Wait! Don’t go anywhere. This isn’t going to be a full Nick Punto career retrospective. I swear. What this is going to be is a hope, a prayer, that Punto’s probable departure from the game takes along with it one of baseball’s most frustrating blights, the thing that he might be known for above all else: the head-first slide, particularly into first base.

Read the rest of this entry »

Jason Heyward Is Looking For Power

Despite all the gains advanced stats have made in gaining public acceptance over the years, there’s always going to be some cases that seem inexplicable to one side or the other. Jason Heyward is generally a good example of that, because if you still rely on traditional stats, you see a right fielder who hit .271 with 11 homers and 58 RBI and consider him a disappointment. If you believe in defensive metrics and understand the effects of age and the current offensive environment, you see a star who just put up a 5 WAR season at age 24 and could command a $200 million contract in free agency next winter.

One thing isn’t really disputable, however: Heyward hasn’t really delivered on the offensive promise he showed by putting up a 134 wRC+ at 20 in his rookie season of 2010. It was one of the finest age-20 seasons in baseball dating back to 1900, and everyone on the list ahead of him — with the exception of Dick Hoblitzel, who had his career cut short by World War I — ended up becoming either an inner-circle Hall of Famer or is a more recent player well on his way there.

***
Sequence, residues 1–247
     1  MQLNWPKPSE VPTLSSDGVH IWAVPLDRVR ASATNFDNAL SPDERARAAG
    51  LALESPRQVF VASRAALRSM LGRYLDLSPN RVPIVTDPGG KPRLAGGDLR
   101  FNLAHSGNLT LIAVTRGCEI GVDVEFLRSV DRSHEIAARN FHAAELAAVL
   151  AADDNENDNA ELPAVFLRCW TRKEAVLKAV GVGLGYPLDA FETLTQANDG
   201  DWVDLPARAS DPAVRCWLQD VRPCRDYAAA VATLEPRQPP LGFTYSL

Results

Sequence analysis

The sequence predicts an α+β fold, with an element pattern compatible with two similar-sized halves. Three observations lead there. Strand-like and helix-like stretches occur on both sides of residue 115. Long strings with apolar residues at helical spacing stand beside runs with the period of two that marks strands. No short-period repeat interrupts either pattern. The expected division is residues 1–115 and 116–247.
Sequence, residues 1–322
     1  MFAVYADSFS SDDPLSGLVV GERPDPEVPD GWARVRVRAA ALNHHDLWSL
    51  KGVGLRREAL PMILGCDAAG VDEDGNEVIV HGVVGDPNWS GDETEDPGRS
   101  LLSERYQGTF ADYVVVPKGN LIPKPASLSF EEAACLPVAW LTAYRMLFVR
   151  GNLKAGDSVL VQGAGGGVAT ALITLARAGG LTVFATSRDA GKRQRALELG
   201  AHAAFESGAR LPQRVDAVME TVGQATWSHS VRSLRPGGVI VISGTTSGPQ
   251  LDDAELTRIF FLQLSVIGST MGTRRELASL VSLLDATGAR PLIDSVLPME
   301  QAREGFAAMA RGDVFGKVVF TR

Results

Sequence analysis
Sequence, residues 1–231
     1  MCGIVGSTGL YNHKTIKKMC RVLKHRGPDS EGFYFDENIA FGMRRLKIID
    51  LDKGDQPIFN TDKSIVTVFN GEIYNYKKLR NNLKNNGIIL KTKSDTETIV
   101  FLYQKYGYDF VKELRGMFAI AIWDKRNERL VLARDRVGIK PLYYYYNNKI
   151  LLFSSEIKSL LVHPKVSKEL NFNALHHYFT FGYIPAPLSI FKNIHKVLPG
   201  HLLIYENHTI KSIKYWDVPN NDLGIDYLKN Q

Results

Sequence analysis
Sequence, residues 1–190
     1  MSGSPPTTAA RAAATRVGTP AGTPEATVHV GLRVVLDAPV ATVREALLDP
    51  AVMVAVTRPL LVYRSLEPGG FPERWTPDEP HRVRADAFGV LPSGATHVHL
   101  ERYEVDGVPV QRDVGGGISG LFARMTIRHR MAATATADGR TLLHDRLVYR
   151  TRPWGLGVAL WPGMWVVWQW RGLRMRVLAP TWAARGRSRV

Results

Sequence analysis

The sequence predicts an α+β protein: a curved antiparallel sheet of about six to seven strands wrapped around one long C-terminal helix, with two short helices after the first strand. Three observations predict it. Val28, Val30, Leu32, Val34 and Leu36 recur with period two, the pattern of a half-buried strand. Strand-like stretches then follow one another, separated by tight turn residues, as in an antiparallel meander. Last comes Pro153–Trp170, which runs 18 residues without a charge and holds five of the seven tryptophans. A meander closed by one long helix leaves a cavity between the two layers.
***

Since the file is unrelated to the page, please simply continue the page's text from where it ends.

Heyward followed up that smashing debut with a disappointing 96 wRC+ in 2011, due in part to a right shoulder injury, then put up three straight seasons in the 110-121 wRC+ range. While that all sounds similar, how he’s made it there hasn’t been. Heyward’s power has decreased — homers down from 27 to 14 to 11, slugging percentage down from .479 to .427 to .384 — while his on-base skills have improved, going from .335 to .349 to .351. It’s still valuable, it’s just a different kind of valuable, and not what we might have expected a few years ago.

So maybe this is what Heyward is now, and maybe that’s just fine. But to listen to Heyward himself, he seems to think he knows where the power has gone, and how he can get it back. Here’s two different bits from a St. Louis Post-Dispatch story on Sunday morning: Read the rest of this entry »

The Dodgers And The Cubans That Haven’t Worked Out

Each year, it seems, there’s a hot new Cuban making an impact in the big leagues. In 2011, we got our first full season of Aroldis Chapman. In 2012, it was Yoenis Cespedes in Oakland. The next year, Jose Fernandez and Yasiel Puig finished 1-2 for the NL Rookie of the Year. In 2014, Jose Abreu won the AL version for the White Sox, while the Red Sox and Cubs got brief late looks at Rusney Castillo and Jorge Soler, respectively. This winter, we’ve already seen the Diamondbacks pick up Yoan Lopez and Yasmany Tomas, and we’re currently waiting to see just how mind-blowing the bonuses Yoan Moncada and Hector Olivera (among others) will wring out of rich, talent-hungry teams.

Cubans in baseball aren’t exactly a new phenomenon, of course. According to Baseball-Reference’s Play Index, 185 Cuban-born players have taken at least one plate appearance since the start of the 20th century. That includes some very well-known names like Luis Tiant, Rafael Palmeiro, Jose Canseco, and Tony Perez, as well as more recent non-elite starter types including Adeiny Hechavarria, Yunel Escobar, Yasmani Grandal, and Yonder Alonso. And also, Yuniesky Betancourt!